From Robert Kuttner, The American Prospect <[email protected]>
Subject Kuttner on TAP: The Return of Tony Blair
Date February 23, 2024 8:04 PM
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**FEBRUARY 23, 2024**

On the Prospect website

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Why Four Million Student Borrowers Got Debt Relief

It's just a matter of Biden's Education Department fixing
existing forgiveness programs that previous presidents failed to follow
for decades. BY DAVID DAYEN

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Beating the Clock

The Supreme Court can rule quickly when Trump's election
interference case is tried. But will it? BY MICHAEL MELTSNER

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Crunch Time for Government Spying

Congress has a few weeks left until a key spying provision sunsets.
Both reformers and intelligence hawks are plotting their strategies.

Kuttner on TAP








**** The Return of Tony Blair

The former prime minister has all but taken over the Labour Party and
pushed it to the right. Didn't Tony Blair, nicknamed Tory Blur, do
enough damage last time?

When Bill Clinton was the U.S. president and Tony Blair was the British
prime minister, they were soulmates. They brought us neoliberalism. Both
Clinton's New Democrats and Blair's New Labour turned away from
progressivism and working families in favor of globalist corporate
financial elites.

Neoliberal deregulation of finance in turn produced the economic
collapse in 2008. The failure of the center-left party to maximize the
moment, contain capital, and rebuild a pro-worker economy led to the
defection of working-class voters and ultimately to Trump in the U.S.
and Brexit in the U.K.

At home, Joe Biden has at last broken with Democratic neoliberalism. In
Britain, the Conservative Party has lurched from blunder to blunder and
from failed leader to failed leader, setting up a return to Labour.

The Labour Party, under Keir Starmer, is the odds-on favorite to win the
next general election, which could be as early as May or as late as next
January. But Starmer, rather than rebuilding a progressive party, has
virtually outsourced his entire program to Tony Blair.

Based on its recent pronouncements, a Starmer government, if anything,
would be worse than Blair's.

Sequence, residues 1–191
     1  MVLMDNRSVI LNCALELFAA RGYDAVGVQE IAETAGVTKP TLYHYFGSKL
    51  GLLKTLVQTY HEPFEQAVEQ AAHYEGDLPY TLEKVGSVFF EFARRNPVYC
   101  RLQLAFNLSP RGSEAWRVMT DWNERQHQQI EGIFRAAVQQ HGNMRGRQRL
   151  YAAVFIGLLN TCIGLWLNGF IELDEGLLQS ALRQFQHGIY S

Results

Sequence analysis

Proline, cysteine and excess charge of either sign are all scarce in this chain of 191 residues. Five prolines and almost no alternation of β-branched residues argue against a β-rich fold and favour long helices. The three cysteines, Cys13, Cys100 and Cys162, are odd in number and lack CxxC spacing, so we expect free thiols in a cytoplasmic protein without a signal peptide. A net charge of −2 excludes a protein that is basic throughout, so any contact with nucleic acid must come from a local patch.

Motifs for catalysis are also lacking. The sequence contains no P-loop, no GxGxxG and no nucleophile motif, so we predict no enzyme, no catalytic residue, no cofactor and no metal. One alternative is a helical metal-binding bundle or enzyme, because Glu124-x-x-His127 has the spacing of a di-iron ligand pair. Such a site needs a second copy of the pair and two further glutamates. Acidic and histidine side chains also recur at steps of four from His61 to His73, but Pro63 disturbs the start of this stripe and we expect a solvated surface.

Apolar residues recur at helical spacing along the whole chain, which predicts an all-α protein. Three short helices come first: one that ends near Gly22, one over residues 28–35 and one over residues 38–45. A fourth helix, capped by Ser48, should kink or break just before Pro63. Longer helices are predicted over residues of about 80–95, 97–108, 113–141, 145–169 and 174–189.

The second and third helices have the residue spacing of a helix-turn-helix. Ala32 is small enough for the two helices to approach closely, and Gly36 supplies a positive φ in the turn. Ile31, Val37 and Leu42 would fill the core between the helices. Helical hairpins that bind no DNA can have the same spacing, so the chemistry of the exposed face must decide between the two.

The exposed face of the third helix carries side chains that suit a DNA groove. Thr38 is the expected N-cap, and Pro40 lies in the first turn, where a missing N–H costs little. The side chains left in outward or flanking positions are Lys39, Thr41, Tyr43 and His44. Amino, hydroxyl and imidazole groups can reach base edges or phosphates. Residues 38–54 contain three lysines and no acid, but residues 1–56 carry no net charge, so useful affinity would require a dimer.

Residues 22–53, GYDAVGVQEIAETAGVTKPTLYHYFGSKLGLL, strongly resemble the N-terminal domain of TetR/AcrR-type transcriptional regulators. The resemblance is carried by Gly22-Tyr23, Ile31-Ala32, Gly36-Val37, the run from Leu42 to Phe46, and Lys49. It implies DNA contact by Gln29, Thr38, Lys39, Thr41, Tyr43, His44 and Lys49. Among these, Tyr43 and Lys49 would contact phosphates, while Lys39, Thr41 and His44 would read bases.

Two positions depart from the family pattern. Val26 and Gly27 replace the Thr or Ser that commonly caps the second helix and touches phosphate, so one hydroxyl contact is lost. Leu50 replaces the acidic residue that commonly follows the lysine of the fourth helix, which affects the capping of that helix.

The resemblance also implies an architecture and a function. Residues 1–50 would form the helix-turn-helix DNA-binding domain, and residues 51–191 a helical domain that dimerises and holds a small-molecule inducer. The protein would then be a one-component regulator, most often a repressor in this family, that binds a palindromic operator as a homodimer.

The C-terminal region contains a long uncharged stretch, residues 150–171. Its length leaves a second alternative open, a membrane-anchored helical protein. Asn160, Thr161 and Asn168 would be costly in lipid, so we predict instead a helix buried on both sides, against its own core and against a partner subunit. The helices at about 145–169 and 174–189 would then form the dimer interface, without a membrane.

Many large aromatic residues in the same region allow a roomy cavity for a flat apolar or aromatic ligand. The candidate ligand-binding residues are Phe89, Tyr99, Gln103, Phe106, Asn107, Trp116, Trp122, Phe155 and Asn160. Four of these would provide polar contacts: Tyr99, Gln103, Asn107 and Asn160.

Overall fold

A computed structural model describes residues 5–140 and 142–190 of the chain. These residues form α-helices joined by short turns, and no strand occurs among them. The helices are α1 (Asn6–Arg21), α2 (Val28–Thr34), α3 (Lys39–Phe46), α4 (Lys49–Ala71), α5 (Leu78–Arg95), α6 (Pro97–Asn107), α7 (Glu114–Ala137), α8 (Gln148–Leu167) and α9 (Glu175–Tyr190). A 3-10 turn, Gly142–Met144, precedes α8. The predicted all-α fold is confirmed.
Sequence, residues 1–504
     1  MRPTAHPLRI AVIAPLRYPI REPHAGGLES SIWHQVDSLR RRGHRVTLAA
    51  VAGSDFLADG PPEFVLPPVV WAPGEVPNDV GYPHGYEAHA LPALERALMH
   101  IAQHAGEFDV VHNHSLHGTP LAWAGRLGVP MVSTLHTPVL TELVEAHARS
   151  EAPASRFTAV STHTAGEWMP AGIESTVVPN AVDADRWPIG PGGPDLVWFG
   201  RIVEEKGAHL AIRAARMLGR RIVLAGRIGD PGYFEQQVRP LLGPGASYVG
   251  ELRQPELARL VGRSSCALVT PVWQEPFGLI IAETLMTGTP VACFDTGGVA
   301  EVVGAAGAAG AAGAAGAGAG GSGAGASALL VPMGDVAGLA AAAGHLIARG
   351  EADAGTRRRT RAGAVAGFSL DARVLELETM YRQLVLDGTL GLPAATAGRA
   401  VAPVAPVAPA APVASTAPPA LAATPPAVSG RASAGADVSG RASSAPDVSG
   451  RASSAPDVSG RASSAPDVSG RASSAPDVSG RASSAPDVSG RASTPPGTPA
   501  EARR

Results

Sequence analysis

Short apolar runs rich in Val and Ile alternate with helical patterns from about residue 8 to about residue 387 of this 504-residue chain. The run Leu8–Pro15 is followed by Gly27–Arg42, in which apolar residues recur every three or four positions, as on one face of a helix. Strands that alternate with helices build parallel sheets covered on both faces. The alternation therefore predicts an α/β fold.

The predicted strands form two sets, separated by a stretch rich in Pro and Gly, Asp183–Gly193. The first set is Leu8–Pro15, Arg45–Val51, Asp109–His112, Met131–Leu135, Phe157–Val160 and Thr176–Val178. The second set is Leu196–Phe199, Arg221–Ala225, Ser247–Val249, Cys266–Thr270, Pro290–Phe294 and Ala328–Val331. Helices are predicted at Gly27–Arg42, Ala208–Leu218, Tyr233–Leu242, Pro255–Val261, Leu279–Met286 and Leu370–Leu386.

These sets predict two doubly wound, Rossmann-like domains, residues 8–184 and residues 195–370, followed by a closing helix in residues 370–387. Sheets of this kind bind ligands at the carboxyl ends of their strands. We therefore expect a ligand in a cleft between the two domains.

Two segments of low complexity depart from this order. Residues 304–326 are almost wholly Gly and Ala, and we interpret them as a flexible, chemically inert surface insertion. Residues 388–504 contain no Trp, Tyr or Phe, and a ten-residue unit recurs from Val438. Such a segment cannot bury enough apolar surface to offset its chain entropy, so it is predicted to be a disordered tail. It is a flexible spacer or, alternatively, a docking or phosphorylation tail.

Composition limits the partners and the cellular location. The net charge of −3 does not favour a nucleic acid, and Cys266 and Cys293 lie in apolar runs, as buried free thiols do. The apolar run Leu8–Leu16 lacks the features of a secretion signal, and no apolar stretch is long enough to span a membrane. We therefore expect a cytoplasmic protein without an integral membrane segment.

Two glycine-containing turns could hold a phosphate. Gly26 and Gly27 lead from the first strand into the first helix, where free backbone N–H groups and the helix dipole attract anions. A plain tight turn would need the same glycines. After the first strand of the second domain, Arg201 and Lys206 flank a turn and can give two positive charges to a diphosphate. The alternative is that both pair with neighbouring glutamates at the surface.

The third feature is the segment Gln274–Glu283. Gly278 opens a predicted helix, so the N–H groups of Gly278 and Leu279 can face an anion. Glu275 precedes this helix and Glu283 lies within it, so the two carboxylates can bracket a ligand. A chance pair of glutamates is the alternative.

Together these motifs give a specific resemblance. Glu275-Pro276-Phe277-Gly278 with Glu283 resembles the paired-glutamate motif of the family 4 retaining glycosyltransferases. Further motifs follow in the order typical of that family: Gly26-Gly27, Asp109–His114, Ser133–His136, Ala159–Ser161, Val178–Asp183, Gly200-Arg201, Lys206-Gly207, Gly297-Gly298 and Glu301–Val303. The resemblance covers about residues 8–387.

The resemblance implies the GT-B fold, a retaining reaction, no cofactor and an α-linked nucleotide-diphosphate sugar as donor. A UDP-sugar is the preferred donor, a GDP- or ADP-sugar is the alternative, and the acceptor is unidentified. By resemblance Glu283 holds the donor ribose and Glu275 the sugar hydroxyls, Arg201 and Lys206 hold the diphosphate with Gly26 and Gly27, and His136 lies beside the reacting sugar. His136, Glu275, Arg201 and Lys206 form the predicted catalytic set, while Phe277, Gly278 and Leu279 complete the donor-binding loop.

Blair, now 70, as elder statesman and policy entrepreneur, is even more
corporate than he was as prime minister. His modestly named Tony Blair
Institute for Global Change was created
in 2017. It consolidated Blair's other for-profit and nonprofit
enterprises into one
including the Tony Blair Faith Foundation, the Tony Blair Sports
Foundation, the Tony Blair Governance Initiative, and his consulting
firm Tony Blair Associates.

Blair's institute takes money from the Saudis and from several large
corporations. Its ideological stance is pro-business, pro-balanced
budget, and aims to solve social and economic problems with technocratic
solutions. The institute has a staff of over 800 and a budget of around
$100 million. It's common knowledge in British political circles that
a Starmer government would be heavily staffed by Blair Institute people.

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Earlier this month, the British government announced that Britain has
been officially in a recession for the last two quarters
This would indicate the need for a large economic stimulus, of the kind
that Biden used to keep the COVID downturn from turning into a recession
and to rebuild crumbling U.S. infrastructure and create a greener

Britain's collapsing infrastructure makes ours look modern. As it
happens, one of the core commitments of the Labour Party manifesto is
the pledge to commit 28 billion pounds (about $35 billion) a year for
four years to green infrastructure-not Biden-scale but not bad. But
after the Treasury's announcement of a recession and a wider projected
budget deficit, Labour backtracked and cut its commitment to only 4.7
billion pounds a year
in order to stay within its fiscal targets.

This is of course backwards. A recession requires more countercyclical
public investment, not less.

Britain faces dire economic and social challenges. The National Health
Service and public education are grossly underfunded. Brexit destroyed
Britain's financial and industrial links with the EU. A Labour
government has to repair relations with Europe, whether by rejoining or
by working out a Norway-like arrangement that gives Britain the benefits
of membership but without voting rights over EU policy.

Labour also needs to break the grip of organized business and finance on
acceptable policy, and raise taxes on capital to finance its other
needs. But Starmer is doing the opposite.

His shadow chancellor (finance minister), Rachel Reeves, recently gave a

to Labour's "Business Conference" in which she promised a friendly
business climate and pledged, "I will not waiver from iron-clad fiscal
rules ... we will strengthen the Office for Budget Responsibility
through a new fiscal lock."

The NHS, as noted, is starved for funds. Blair's institute recently
released a report

citing all the savings that could be realized by giving greater emphasis
to prevention and wellness, an approach pioneered by the NHS-with nary
a word about addressing the shortfall in basic NHS funding.

Neither a fiscal straitjacket nor Blair-style corporate technobabble
will solve Britain's deep problems nor make life better for ordinary
Brits. When nominally left parties get captured by the corporate
center-right and fail to solve problems, at best we get inconclusive
oscillation between the major parties, and at worst working people give
up on the system and support neofascists.


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